Among 25 Wealthy Capital Cities, Washington D.C. Has Highest Infant Mortality Rate Despite City's Recent Progress in Reducing the Death Rate
WASHINGTON, D.C. (May 4, 2015) — Today, in conjunction with the launch of the annual report, "State of the World's Mothers 2015: The Urban Disadvantage", Save the Children released new findings on the vast differences in death rates among rich and poor children in cities around the world.
Among 25 of the wealthiest capital cities surveyed around the world, Washington, D.C. has the highest infant mortality rate, and the study found that babies from the District's poorest wards are dying at much higher rates than the city's high average. To mark the launch of the report and discuss the findings pertaining to our nation's capital, Save the Children has teamed up with Dr. Kurt Newman, CEO of Children's National Medical Center; Dr. Marcee White, medical director of THEARC in Ward 8; and Dr. Djinge Lindsay, deputy director of programs at DC Department of Health.
According to the report, Washington, D.C. is as an example of many cities worldwide where the poorest urban children are dying at much higher rates than the richest urban children despite an overall decline in urban child mortality rates. The report found that in two-thirds of developing countries the poorest urban children were at least twice as likely to die before their fifth birthday as the richest urban children; and in some countries, the richest urban children had an advantage of survival three to five times higher. Other key findings include:
- In examining infant deaths in D.C., Save the Children found that in 2012 the infant mortality rate in DC's poorest neighborhood (Ward 8) was more than 10 times higher than the rate in DC's wealthiest community (Ward 3).
- In 2012 the infant mortality rate in ward 8 was 14.9 deaths per 1,000 live births. In contrast in Ward 3, the city's wealthiest ward, the rate was 1.2 deaths per 1,000 live births.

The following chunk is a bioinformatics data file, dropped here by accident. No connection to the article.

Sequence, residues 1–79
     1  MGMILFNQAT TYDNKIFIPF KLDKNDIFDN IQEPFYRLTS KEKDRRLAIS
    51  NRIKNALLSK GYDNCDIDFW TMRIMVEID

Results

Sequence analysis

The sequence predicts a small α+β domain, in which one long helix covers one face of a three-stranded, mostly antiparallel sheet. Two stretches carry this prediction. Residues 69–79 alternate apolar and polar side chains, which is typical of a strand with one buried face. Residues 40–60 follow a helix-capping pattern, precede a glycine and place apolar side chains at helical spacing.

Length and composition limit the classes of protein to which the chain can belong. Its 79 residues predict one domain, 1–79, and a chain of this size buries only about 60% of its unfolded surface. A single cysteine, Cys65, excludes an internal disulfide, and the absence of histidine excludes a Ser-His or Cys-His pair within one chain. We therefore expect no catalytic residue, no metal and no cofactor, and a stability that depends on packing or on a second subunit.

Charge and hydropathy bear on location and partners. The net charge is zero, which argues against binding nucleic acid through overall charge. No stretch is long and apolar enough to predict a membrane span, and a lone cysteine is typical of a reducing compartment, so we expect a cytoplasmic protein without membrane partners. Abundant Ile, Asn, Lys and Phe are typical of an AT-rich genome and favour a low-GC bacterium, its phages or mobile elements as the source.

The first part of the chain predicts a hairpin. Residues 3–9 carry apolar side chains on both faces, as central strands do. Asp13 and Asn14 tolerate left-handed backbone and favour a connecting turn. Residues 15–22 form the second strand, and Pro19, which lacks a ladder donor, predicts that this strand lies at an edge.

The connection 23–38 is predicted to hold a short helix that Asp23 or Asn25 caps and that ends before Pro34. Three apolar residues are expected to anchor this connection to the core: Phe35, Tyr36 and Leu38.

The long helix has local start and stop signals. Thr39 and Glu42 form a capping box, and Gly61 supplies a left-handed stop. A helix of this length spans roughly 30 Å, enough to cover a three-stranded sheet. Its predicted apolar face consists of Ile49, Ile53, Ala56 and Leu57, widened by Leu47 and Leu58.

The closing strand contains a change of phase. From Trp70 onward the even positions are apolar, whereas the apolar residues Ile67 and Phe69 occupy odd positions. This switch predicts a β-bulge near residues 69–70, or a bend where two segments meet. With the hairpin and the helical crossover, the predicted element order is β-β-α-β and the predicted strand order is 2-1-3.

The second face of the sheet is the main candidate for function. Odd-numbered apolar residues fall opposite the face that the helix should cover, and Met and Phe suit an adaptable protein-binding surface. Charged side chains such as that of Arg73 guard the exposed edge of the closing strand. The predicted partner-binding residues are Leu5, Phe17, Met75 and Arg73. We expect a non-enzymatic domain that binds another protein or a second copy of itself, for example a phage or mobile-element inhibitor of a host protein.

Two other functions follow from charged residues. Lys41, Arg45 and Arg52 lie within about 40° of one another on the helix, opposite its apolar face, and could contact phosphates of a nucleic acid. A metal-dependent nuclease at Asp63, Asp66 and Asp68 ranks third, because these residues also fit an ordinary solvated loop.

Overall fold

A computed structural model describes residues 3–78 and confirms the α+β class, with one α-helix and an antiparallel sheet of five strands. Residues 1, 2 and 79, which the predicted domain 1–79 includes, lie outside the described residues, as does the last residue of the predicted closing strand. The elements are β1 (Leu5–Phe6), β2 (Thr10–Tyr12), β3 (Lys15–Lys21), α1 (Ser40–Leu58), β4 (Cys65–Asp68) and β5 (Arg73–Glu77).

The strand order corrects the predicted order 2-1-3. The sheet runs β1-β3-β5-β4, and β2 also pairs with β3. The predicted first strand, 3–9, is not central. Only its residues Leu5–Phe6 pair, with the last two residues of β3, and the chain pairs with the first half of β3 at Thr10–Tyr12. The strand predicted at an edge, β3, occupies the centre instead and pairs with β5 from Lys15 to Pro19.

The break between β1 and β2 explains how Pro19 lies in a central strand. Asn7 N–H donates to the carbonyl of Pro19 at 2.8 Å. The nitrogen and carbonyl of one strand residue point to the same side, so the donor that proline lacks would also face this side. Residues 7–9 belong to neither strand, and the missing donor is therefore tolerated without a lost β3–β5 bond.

"The disparity in infant mortality rates between the urban rich and poor is not unique to developing countries. It's also found right here in our nation's capital," said Dr. Bina Valsangkar, newborn health advisor for Save the Children. "Whether in Malawi or Washington D.C., we need to make quality health care accessible and affordable to all families to help narrow the gap."
Today, health experts and practitioners gathered in Washington, D.C.'s Ward 8 to discuss the report's findings and review city efforts currently underway to lower infant death rates in the city's poorest wards. They also called on local, national and world leaders to act now to help save the lives of mothers and children dying at alarming rates in the poorest neighborhoods of cities around the world.
"Our local government recognizes the importance of giving all babies a healthy start in life by ensuring that women of reproductive age achieve optimal health, before and during pregnancy," said Dr. Djinge Lindsay, Deputy Director for Programs for the D.C. Department of Health. "That's why we are partnering across sectors in the District, like education, housing and employment, to make sure all of our women and families have equitable access to preventive care and community resources that support improved health status and healthy behaviors and ultimately prevent infant deaths."
Over the past 15 years, Washington, D.C. has cut its infant mortality rate by more than half, reducing it from 15 to 6.6 deaths per 1,000 births, according to preliminary figures for 2013. Nevertheless, babies born in our nation's capital are dying at a higher rate than the U.S. average of 6.1 deaths per 1,000 live births. In addition, infant death rates in the city's poorest wards, especially Ward 8, have remained much higher than the city-wide average in recent years.
"We need to concentrate our efforts to save the lives of mothers, children and newborns who are most in need," said Dr. Valsangkar. "Eliminating the urban disadvantage should be a priority for our leaders as they set new long-term goals to end preventable deaths of mothers, children and newborns around the world."
Note to editor: These findings were part of the 16th annual State of the World's Mother report. Save the Children's annual ranking of the best and worst place to be a mom has become a reliable international tool to show where mothers and children fare best, and where they face the greatest hardships, using the latest data on health, education, economics and female political participation. The full report is available at www.savethechildren.org/mothers.
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